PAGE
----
Extragonadal GCTs result from errors in cell migration during embryogenesis ( Fig. 54.1 ). These tumors are most commonly found in the mediastinum, where they account for 15% of anterior mediastinal masses in adults. Most mediastinal GCTs present in the second through fourth decade of life. Approximately 85% of mediastinal GCTs are benign and occur at similar rates in men and women; however, 90% of malignant GCTs occur in men. With malignant GCTs, scrotal ultrasound is necessary to detect possible primary gonadal tumors. Histologically, there are three types of GCTs: benign teratoma, seminoma, and nonseminomatous GCT (NSGCT).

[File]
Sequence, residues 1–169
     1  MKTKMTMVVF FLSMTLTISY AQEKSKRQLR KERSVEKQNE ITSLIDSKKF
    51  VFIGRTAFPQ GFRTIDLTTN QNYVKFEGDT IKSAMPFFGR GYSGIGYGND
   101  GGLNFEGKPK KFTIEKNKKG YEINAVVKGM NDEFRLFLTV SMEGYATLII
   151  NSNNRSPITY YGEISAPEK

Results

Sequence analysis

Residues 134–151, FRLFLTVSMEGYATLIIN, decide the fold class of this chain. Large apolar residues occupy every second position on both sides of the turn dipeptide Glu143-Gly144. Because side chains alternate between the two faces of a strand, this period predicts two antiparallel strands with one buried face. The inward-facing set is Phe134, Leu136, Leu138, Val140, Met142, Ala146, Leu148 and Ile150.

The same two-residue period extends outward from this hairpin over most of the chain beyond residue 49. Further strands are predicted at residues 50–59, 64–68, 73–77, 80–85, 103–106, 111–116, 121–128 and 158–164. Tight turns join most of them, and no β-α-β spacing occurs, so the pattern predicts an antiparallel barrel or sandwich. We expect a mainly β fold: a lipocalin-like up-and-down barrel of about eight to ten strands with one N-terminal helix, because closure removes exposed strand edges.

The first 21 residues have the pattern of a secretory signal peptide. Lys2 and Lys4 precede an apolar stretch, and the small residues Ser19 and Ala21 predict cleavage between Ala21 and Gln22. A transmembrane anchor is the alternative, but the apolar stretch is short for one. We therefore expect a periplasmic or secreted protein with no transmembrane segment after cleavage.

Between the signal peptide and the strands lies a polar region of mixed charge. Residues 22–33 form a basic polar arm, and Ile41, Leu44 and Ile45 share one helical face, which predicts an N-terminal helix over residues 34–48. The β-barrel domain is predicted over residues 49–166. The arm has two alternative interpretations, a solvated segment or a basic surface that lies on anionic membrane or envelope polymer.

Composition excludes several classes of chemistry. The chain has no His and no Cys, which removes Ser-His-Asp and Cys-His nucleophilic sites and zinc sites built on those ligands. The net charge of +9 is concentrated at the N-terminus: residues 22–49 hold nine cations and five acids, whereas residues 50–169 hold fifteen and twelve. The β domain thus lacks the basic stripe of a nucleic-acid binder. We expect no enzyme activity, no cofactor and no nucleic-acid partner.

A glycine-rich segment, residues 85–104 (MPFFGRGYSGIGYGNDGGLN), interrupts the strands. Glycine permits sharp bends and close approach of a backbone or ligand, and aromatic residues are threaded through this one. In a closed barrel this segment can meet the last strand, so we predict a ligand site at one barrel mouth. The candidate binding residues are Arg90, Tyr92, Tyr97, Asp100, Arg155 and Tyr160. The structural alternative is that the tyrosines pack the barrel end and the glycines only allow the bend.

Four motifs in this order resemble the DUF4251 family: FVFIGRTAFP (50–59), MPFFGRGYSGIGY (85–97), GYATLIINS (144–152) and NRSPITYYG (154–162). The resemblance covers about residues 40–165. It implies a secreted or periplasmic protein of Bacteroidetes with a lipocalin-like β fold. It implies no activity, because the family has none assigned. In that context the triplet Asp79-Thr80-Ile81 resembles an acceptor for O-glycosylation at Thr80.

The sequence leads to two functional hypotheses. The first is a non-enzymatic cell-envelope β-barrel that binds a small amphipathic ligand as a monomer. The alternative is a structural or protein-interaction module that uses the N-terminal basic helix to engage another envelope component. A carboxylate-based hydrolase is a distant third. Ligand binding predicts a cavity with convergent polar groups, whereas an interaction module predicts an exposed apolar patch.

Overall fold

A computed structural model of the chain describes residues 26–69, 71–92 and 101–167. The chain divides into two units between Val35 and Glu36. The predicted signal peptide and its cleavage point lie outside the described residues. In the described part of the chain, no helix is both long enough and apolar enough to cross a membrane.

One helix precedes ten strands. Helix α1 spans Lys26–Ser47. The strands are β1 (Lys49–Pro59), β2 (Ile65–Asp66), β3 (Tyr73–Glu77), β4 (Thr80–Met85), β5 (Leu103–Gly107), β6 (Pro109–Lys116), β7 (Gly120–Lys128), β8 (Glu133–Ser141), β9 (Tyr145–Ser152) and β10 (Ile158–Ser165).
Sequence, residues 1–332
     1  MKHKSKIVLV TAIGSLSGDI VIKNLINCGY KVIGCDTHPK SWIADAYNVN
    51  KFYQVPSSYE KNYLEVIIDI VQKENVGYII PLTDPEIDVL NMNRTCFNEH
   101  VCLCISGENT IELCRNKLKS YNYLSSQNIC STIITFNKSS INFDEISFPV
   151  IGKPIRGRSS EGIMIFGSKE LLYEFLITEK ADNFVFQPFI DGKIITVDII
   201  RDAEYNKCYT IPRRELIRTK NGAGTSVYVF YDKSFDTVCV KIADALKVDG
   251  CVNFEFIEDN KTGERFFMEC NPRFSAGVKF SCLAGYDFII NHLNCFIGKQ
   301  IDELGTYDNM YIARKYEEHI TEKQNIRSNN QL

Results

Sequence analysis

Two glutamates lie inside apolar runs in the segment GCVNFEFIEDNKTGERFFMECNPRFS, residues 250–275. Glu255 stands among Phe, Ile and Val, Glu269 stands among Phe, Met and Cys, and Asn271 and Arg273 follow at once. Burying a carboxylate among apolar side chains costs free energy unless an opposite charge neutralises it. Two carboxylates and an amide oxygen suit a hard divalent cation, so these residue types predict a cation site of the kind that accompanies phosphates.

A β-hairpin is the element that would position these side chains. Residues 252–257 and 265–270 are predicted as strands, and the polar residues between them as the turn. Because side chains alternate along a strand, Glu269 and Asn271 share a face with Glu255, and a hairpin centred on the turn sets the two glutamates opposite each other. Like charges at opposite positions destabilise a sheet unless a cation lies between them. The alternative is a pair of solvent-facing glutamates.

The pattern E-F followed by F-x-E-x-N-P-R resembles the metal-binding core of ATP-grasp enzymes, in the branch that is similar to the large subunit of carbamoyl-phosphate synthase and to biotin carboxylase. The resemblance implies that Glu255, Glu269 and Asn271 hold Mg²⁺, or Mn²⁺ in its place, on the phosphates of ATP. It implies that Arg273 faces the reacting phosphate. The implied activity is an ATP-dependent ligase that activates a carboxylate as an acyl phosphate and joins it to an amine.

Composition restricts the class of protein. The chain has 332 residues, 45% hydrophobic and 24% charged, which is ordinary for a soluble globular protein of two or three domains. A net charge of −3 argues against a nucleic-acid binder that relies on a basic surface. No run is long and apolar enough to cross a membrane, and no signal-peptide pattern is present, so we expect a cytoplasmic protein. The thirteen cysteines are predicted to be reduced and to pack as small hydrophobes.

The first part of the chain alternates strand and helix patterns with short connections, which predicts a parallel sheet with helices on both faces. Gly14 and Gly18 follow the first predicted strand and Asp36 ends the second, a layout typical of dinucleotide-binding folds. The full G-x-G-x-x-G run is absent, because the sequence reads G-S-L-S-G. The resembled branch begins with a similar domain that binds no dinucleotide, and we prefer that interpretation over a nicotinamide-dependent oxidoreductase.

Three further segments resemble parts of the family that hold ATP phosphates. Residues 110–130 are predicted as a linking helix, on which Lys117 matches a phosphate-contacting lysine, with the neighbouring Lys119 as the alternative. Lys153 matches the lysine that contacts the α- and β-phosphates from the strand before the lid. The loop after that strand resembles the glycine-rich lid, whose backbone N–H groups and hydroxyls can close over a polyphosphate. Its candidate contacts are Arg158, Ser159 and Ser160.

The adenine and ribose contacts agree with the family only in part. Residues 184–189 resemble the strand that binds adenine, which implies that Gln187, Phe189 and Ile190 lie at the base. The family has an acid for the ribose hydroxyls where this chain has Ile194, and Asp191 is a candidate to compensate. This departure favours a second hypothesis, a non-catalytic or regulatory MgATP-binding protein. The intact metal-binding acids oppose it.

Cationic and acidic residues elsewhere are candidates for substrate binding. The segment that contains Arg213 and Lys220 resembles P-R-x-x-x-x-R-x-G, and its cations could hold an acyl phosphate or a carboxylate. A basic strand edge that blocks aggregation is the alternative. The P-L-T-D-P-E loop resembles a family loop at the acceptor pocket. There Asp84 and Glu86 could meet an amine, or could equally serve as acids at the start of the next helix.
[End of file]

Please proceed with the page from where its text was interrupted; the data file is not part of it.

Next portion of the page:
Benign teratomas are composed of multiple germ cell layers, and are also referred to as mature teratomas. These teratomas may contain any type of tissue, including teeth, hair, bone, cartilage, and occasionally higher order structures. Although many patients will be asymptomatic, benign teratomas have the capacity to compress, erode, rupture, and fistulize into surrounding structures. Rarely, these benign tumors undergo malignant transformation. Elevated serum levels of beta-human chorionic gonadotropin (beta-hCG) or alpha-fetoprotein (AFP) may indicate malignant GCT. Total surgical excision of benign teratoma is recommended. The treatment approach for benign teratomas can vary and has included median sternotomy and lateral thoracotomy. The preferred treatment, particularly with GCTs, is the hemiclamshell approach, which is a unilateral extension into the hemithorax. For large masses with bilateral extension, a clamshell incision (a combined upper median sternotomy and anterior thoracotomy) provides excellent exposure. Benign teratomas are often adjacently adherent, which can make dissection challenging, and total resection is not always possible. However, postsurgical prognosis is excellent, even with incomplete excision. There is no indication for chemotherapy or radiotherapy.